Abigail Rose McCall, Brisbane, Australia – The struggles of Indonesia's Papuan communities have surfaced in various shows of solidarity, with indigenous Australians during the divisive Australia Day celebrations that took place across the "land down under" last month.
In a sense, human rights activists see it as increasingly necessary to craft connections between the two peoples that bypass the positions of both governments and hone in on people-to-people relations. It has been 233 years since the British raised the Union Jack in Sydney Cove and colonized modern-day Australia. Over time, this event on Jan. 26 has evolved into a national day celebration, one that aims to acknowledge the achievements and diversity of Australian communities despite its divisive colonialist beginnings.
This year in Sydney, Indonesian human rights lawyer Veronica Koman marched for the "unceded Gadigal Land" while flying the Australian Aboriginal flag. Since 2019, the pro-Papuan activist has been living in Australia after she claimed to be threatened with an Interpol red notice by Indonesian authorities for allegedly spreading stories about violence in the provinces of Papua and West Papua. "I see similarities between the struggles of West Papuan and First Nation people here. It's the same story of colonization and land dispossession. Aboriginal people are the most incarcerated people in the world, while West Papuans are the most incarcerated people for their political views in Indonesia," she told The Jakarta Post.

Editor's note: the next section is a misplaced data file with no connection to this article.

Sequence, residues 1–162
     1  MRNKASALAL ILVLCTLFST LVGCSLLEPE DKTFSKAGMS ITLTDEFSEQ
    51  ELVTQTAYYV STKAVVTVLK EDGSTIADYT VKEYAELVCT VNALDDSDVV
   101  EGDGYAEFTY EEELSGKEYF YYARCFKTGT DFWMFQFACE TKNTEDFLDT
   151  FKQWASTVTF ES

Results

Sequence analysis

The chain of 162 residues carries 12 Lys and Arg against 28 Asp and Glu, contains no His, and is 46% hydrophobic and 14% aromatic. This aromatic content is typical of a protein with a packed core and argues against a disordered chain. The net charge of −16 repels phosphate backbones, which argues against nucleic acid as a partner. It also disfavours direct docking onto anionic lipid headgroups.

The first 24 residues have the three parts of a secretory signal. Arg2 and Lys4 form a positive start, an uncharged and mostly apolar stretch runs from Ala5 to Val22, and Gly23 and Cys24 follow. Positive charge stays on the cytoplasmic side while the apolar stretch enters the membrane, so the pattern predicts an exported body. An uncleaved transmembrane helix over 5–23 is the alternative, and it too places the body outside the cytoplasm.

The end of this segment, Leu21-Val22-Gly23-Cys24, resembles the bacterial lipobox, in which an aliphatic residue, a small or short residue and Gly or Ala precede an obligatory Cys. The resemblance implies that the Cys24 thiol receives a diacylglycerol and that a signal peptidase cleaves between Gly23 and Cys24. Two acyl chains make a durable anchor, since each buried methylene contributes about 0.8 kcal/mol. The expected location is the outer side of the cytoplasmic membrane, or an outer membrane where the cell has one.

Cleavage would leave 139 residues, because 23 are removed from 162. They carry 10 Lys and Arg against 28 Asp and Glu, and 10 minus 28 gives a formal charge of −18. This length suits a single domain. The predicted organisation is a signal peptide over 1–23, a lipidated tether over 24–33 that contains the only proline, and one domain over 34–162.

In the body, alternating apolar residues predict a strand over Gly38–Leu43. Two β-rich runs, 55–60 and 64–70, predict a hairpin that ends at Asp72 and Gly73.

Many people still protest Australia Day as one of mourning, referring to the loss experienced by Aboriginal and Torres Strait Islander people on and since that day. This year, the annual Ipsos Poll suggests that while only 28 percent of Australians support changing the date, nearly half (49 percent) believe that the date of Australia Day will only be changed within the next 10 years.
Ronny Kareni, a campaigner with the United Liberation Movement for West Papua (ULMWP) who lives and works from Australia, said these kinds of commemorations and their referencing of Papuan grievances are important. "[A lot of my engagement] is through the First Nations, the tent embassies and the advocacy around building solidarity with various campaign groups and communities and really drawing on the similarities of the struggles," he told the Post earlier this month.
In Meanjin, Brisbane, the Bintang Kejora (Morning Star) flag is permanently hoisted next to the Aboriginal and Torres Strait Islander flags. As a cultural practitioner, Kareni underlined the importance of viewing the Morning Star outside the national frame. "Through the kinship, through the Dreamtime stories, it has a very significant, deeper meaning than just a national symbol. The star is for fisherman; for hunters and gatherers," he said. "If one goes down to the Northern Territory [in Australia], they have the same story but from where they are. So, it's the songlines that connect; that's a much deeper connection than just the symbol that we see on the flag."
This kind of support and acknowledgment of the Morning Star flag itself brings another set of divides within the Australian community.
Every year on Dec. 1, activists in Australia will fly the Morning Star flag deliberately and specifically "as a symbol of independence and resistance to incorporation into Indonesia", ABC reported.